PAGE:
Gang Green took on a last place team without their star QB (the injured Jameis Winston) and elite WR (the suspended Mike Evans). And after two seasons in NFL purgatory with Fitzpatrick, this Jets’ staff knew every dark secret about “The Amish Rifle.” But Gang Green’s braintrust were also keenly aware of his solid production (95.7 QB Rating) in limited play off the Bucs bench.
The Jets front seven had to contain Tampa Bay’s running game led by Doug Martin and Jacquizz Rodgers. But they’d shut down LeSean McCoy, Jay Ajayi (twice) and Leonard Fournette this season, so there was no excuse here. Such production was particularly impressive, considering the stunning admission that Mo Wilkerson has been playing on a broken toe — making his resurgent efforts all the more impressive.
So the game plan all came down to the defensive line applying relentless pressure in Fitzpatrick’s grill. And for the young secondary to both protect the back end against ballers like veteran LeSean Jackson and rookie O.J. Howard and take advantage of Fitz’s famed history of self-imploding INTs.
But the combination of lack of sustained pass rush — witness Hobart’s Ali Marpet neutralizing the No. 1 talent in the 2015 draft Leonard Williams — and the foot re-injury to shutdown corner Morris Claiborne, energized Fitzpatrick to drive the Bucs down the field at will. The Harvard hurler absolutely crushed the Jets on third down conversions. When Buster Skrine limped off the field, they had to bring in safety Rontez Miles and shift Marcus Maye to nickel. Fitzpatrick picked on Maye for the remainder of the game. This bye week couldn’t come quickly enough.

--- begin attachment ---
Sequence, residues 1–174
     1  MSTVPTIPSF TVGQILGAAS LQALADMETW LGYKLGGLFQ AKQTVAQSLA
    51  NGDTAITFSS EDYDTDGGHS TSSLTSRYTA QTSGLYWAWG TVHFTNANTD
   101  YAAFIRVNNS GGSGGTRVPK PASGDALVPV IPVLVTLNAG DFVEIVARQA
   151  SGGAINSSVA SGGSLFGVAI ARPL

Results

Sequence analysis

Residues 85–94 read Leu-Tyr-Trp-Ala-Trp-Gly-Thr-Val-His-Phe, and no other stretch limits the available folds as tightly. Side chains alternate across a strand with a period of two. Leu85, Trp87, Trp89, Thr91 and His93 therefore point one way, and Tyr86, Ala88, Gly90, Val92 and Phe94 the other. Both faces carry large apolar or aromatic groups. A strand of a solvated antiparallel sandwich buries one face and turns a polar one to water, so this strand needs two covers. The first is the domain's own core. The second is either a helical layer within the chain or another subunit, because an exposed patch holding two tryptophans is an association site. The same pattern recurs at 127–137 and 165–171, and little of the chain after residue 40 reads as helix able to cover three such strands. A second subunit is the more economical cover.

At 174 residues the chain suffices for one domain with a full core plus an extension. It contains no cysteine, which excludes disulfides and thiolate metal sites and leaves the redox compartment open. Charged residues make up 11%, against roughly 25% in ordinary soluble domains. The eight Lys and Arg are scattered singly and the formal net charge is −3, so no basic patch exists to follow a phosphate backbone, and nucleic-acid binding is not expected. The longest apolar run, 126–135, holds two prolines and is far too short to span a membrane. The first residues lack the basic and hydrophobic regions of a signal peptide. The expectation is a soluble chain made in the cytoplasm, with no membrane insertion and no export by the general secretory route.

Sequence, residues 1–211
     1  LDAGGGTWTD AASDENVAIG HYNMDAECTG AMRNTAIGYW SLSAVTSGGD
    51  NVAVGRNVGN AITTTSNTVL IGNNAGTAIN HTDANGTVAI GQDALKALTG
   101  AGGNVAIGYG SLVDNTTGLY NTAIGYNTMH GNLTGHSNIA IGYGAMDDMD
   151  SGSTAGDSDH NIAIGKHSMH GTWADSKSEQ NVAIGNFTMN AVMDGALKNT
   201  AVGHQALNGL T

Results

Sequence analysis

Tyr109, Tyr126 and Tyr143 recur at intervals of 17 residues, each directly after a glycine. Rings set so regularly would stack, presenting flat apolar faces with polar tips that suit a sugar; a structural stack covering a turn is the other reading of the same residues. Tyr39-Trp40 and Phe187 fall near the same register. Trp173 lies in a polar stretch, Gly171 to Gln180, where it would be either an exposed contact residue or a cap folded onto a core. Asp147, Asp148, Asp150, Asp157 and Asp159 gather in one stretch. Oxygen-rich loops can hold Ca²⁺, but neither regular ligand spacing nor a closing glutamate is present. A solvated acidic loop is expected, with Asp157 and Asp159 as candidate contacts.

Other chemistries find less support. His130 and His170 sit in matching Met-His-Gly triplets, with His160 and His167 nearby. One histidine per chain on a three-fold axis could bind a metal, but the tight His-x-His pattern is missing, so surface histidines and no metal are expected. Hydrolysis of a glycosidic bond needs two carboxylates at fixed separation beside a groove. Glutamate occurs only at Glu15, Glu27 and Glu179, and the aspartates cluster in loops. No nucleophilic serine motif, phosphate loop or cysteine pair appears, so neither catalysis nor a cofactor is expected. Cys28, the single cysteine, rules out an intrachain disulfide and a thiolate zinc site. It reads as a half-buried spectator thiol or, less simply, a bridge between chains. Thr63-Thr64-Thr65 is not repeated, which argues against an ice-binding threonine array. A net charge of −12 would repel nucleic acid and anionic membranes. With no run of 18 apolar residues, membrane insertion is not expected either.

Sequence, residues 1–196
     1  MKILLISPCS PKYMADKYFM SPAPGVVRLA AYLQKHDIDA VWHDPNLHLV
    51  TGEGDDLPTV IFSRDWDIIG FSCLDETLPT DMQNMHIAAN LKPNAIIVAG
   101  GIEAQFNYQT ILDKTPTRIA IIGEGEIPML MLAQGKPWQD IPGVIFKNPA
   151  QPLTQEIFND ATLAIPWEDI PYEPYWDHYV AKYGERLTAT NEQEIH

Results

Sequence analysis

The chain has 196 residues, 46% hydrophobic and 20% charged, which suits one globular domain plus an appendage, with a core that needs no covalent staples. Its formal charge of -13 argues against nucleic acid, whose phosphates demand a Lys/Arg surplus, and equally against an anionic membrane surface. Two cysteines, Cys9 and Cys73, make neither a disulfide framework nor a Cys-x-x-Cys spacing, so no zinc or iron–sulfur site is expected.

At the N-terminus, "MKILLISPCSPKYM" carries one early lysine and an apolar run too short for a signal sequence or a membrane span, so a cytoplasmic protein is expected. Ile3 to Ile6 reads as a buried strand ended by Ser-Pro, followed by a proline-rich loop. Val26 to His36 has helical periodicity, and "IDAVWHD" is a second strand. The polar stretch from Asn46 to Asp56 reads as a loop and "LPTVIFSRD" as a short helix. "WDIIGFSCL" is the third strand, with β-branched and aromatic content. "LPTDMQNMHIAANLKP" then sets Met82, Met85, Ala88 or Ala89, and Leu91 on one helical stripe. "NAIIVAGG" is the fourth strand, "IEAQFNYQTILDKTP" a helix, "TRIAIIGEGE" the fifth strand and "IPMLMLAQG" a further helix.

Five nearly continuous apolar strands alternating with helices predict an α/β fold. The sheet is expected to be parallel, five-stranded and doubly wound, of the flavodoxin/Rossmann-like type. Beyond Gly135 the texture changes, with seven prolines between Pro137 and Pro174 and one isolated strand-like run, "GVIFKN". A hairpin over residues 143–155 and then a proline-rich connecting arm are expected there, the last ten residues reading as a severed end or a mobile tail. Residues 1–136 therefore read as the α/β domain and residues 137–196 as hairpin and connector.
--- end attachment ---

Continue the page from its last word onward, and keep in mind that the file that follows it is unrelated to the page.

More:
The team’s most disruptive D-lineman continues to be Kony Ealy, who whiffed a few times on stuffing Fitz but batted down his league-leading ninth pass. The second coming of DeMario Davis (third in the NFL in tackles) has been this team’s most important offseason defensive acquisition; in this game, the ILB blew up two Fitz passes. So there’s something to believe in.
Next: 4. Learning to Fly
4. Learning to Fly
Josh McCown (23-39, 263 yards) has brought energy to this locker room. The NFL nomad projects an enthusiasm for the game. He competes, displays poise in the pocket, and gives them a chance to win each week, which is all one can ask for. Sure McCown can’t throw the ball outside the numbers and still makes rookie mistakes. But could you imagine this team with one of the backups starting?
Case in point: Gang Green’s first six possessions registered five punts and a turnover, with no third-down conversions. Then the 38-year old put together an impressive drive before halftime that tied the score 3-3 at halftime. What stood out was after a blind-side hit which nearly destroyed McCown and seemingly put the Jets out of field goal range, the veteran QB completed a laser to Jermaine Kearse (4-35), who had his most inconsistent game in Green and White, between penalties and dropped passes. There was also a stellar 4th-and-21 fourth-quarter completion to Austin Seferian-Jenkins (6-67).
Robby Anderson (4-85, one TD) needed to excel and had mixed results. He dropped a big catch, and then he slowed down on a Brent Grimes INT returned to the Jets 31. Luckily, Darryl Roberts‘ INT on the next play saved the day. Anderson made an impressive late-game TD catch but could not get both feet in-bounds. Then with 28 seconds left, his tightrope nab resulted in a six-pointer in his fourth straight game. TE Neal Sterling was not heard from after dropping two targeted passes. But rookie Chad Hansen (3-33) looked professional in his first sustained field time.